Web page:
Q & A: President LeBlanc Reflects on His Time Leading GW

Thomas J. LeBlanc spoke about the university’s accomplishments, the COVID-19 pandemic and his favorite “only at GW” moments in an interview with GW Today.

December 15, 2021

President LeBlanc

President LeBlanc speaks to students on Kogan Plaza, marking the first day of fall semester classes and a return to in-person learning. (William Atkins/ GW Today)

George Washington University President Thomas J. LeBlanc reflected on what the university has achieved under his leadership, his favorite “only at GW” moments and what the COVID-19 pandemic illuminated about the future of higher education as his time at the university comes to a close. 

Dr. LeBlanc, the university’s 17th president, will retire at the end of this month. He recently answered questions for GW Today and shared the message he would like to leave with the university community.

Q:  What accomplishments achieved during your time at GW bring you the most pride?
A: I think if you look back on this era, everybody's going to look at how universities handled
COVID-19. It is the defining event of this era and will have a long-lasting impact. Without calling it my accomplishment, because it’s our university community's accomplishment, I think we have been handling COVID remarkably well. We took advantage of our expertise in public health, medicine and nursing to not only advise and guide us but also to implement testing and distribution of vaccines. We were even involved in trials for the Moderna vaccine.

The GW community rallied together, with the faculty going to virtual instruction overnight and the staff learning to do their jobs and keep our institution moving forward with telecommuting. It's just a remarkable story. If you look around the country at places that—in fits and starts—brought people back, sent people home, I think that overall, we have been making good decisions and implementing them well. The whole community ought to take a bow. 

Beyond that, there are several things I think will have a long-lasting positive impact. The Thurston Hall renovation is a major project, and I think it's emblematic of an emphasis and a focus on the student experience. I could list many things that were on the wish list of the Student Association and other student representatives for a long time. We started tackling them one by one, including the request to register for 18 credit hours, concerns around dining or the complexity of the housing plan, or the number of transactions and charges levied by the university, and just a host of other things. The most recent completed wish is the U-Pass initiative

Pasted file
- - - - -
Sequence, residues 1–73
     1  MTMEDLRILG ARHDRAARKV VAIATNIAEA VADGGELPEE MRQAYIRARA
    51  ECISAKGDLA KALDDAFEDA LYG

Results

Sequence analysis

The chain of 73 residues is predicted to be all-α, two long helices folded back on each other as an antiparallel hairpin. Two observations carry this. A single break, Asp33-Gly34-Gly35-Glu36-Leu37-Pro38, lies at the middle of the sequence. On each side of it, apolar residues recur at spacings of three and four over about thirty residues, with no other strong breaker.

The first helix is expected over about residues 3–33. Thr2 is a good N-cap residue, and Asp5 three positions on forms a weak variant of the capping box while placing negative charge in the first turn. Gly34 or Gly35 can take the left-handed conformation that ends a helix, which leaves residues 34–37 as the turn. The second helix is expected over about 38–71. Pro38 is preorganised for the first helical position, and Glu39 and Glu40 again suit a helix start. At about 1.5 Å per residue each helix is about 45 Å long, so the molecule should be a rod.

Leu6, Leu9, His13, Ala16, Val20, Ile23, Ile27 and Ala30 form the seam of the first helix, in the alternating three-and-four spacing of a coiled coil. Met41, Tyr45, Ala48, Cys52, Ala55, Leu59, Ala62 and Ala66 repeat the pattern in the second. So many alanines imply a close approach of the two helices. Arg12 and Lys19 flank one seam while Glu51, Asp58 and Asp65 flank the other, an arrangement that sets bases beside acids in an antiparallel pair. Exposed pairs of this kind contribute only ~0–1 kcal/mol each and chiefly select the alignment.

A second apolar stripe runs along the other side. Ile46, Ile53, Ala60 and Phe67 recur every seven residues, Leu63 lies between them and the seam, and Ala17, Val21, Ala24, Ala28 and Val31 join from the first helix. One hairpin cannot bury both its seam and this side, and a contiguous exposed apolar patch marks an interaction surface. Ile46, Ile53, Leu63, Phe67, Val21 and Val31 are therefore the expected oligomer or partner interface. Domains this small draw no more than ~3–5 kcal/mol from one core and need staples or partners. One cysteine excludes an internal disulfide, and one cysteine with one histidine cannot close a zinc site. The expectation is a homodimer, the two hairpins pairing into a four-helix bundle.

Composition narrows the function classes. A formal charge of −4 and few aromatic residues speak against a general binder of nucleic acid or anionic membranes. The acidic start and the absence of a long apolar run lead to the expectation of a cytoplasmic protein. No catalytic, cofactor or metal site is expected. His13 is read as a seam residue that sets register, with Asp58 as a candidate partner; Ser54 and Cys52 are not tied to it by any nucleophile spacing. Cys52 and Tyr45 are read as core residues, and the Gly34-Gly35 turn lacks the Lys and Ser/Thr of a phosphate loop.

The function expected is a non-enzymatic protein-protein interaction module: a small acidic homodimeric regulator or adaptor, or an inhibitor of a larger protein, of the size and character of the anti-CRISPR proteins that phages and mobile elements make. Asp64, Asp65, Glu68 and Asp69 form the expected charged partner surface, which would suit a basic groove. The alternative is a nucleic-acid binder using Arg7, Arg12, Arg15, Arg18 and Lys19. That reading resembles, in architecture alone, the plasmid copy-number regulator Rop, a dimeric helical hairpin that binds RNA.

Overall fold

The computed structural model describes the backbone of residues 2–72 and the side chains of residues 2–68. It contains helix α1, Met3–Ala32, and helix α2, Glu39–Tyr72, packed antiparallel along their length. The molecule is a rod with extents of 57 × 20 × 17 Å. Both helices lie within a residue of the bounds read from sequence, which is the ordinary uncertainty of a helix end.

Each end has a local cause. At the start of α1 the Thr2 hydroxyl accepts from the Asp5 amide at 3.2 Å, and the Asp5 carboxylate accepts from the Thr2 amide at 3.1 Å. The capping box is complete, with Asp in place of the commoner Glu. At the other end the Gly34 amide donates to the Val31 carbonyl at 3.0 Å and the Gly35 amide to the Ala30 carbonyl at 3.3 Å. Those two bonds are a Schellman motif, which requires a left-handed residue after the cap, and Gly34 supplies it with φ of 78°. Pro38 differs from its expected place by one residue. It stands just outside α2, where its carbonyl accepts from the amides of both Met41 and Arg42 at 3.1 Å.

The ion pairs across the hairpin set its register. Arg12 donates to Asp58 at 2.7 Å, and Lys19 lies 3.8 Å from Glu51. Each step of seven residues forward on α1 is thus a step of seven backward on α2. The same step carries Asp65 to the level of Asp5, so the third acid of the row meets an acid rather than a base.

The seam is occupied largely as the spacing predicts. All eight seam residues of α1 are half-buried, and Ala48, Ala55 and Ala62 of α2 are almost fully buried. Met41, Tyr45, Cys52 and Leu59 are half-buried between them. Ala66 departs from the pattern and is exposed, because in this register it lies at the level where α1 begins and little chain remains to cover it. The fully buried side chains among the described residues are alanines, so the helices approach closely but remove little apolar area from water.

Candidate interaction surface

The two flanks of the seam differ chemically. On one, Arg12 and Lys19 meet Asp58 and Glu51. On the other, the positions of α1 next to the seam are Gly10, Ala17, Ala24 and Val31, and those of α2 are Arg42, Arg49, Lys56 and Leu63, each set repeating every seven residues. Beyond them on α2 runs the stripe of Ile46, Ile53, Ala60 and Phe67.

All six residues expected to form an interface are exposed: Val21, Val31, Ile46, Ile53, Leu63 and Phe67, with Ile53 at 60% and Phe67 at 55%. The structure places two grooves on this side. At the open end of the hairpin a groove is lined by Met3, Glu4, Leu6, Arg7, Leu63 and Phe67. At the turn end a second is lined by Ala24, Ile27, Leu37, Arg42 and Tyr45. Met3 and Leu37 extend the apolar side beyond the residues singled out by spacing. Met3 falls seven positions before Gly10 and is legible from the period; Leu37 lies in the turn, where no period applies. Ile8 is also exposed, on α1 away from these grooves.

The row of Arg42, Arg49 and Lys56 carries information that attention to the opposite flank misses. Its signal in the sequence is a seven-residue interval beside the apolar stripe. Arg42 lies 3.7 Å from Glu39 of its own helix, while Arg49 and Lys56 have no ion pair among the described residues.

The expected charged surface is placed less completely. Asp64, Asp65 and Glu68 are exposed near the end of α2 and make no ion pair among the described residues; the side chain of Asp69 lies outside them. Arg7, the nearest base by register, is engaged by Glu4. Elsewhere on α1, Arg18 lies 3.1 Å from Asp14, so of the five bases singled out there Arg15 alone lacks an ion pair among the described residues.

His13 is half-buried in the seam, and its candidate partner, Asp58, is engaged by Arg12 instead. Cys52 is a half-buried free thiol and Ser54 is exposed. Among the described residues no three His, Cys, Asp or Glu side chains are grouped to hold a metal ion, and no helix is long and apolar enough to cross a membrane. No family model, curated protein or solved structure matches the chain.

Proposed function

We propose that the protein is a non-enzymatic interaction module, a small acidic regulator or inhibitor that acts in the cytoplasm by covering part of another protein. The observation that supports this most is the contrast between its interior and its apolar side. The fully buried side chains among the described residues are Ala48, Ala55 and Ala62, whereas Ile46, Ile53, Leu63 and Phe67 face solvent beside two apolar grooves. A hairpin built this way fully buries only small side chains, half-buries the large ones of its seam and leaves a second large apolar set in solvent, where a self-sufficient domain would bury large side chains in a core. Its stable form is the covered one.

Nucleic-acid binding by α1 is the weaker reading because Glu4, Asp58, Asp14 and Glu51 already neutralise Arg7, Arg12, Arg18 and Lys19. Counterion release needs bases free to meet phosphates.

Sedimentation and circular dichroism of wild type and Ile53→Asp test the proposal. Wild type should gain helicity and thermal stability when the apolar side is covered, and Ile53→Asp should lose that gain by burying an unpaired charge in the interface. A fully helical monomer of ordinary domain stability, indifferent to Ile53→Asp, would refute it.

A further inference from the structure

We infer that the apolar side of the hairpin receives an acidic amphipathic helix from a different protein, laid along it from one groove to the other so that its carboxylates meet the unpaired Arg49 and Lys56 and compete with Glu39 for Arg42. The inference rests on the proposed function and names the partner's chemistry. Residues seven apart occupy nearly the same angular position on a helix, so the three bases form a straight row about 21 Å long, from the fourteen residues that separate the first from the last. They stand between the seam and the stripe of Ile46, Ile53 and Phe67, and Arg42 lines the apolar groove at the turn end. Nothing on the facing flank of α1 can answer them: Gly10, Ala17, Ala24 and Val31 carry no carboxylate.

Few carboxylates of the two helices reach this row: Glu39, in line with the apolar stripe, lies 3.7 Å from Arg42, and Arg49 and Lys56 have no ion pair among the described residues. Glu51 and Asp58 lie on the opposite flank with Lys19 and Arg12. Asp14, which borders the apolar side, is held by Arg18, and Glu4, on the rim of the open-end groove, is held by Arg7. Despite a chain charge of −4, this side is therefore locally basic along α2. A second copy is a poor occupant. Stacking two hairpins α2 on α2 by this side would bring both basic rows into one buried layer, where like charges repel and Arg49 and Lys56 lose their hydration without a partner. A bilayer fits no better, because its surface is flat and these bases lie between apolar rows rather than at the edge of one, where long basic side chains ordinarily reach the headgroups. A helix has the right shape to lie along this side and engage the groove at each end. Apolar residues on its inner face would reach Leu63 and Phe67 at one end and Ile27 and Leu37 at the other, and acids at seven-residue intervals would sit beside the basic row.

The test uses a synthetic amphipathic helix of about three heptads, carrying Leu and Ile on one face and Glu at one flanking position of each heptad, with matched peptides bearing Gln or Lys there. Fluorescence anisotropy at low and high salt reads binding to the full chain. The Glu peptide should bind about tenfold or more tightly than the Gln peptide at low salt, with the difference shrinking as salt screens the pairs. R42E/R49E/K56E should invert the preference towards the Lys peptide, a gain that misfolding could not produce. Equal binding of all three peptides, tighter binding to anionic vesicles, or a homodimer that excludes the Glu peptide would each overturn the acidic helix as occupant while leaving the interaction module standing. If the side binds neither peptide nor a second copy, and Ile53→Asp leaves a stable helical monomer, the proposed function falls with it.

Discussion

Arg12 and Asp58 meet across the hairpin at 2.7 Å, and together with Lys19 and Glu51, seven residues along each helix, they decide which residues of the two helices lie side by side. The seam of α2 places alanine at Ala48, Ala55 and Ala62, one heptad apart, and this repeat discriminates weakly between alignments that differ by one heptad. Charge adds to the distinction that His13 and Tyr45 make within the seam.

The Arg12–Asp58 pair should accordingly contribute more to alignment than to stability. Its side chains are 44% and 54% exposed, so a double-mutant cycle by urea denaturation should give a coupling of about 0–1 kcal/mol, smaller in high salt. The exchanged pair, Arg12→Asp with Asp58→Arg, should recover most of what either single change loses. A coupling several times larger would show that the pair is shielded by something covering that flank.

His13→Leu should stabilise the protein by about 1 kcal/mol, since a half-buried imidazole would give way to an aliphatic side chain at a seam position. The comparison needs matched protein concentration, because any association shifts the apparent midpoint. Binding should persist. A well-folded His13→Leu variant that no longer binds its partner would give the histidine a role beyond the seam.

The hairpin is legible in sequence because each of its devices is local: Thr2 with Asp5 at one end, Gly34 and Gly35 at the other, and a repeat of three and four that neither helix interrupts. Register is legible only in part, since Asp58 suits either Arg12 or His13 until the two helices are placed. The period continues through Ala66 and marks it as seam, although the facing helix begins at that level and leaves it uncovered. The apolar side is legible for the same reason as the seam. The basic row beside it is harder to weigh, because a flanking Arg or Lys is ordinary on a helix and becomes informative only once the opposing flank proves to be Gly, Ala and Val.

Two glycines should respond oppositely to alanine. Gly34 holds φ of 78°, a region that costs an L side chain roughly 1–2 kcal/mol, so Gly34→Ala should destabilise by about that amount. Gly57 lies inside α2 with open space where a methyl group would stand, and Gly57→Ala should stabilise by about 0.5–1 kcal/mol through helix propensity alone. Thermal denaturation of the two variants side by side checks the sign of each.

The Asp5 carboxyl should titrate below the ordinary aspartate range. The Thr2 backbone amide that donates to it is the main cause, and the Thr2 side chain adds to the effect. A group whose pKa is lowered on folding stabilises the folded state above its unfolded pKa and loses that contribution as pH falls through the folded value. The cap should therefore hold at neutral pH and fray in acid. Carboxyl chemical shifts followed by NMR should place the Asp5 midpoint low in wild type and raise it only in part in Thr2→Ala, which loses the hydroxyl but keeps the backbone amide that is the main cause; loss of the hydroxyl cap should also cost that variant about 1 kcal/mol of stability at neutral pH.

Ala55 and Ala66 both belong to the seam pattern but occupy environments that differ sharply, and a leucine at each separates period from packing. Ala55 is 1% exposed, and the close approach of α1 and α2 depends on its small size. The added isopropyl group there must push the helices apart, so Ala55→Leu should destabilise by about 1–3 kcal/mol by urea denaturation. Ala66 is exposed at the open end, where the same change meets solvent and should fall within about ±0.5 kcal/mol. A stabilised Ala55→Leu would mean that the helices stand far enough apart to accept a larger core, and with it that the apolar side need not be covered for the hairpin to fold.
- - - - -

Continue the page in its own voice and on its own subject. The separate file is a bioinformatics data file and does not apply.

I hope that we have created a mindset that says the students are really important and their experience is important, and it should be a positive experience. I hope that the organization as a whole will continue to be conscious of how our decisions impact students and how we make decisions in the best interest of students. 

There's a third area where there's been a lot of activity, but it hasn't been as visible, and that is in the clinical medical enterprise. It's a very complicated area because it involves other partners, but I think we've made a lot of progress in improving our ability to deliver high-quality medical care and to do teaching and research in medicine. These efforts are represented publicly by, for example, our partnership on the new hospital at St. Elizabeths East and with some of the work we're doing around quality clinical care.

President LeBlanc

President LeBlanc addresses graduates during commencement on the National Mall. (William Atkins/ GW Today)

Q: What do you think will be the lasting impact of your presidency?
A: The three things I just mentioned have a lasting impact that will be with us for a while, but I also think the structures we put in place and the decision making we developed, hopefully, will serve the university well. We don't know what's coming next, but I think we have great people and decision-making structures in place so we can handle whatever comes our way. 

Q: What has been your favorite “only at GW” moment?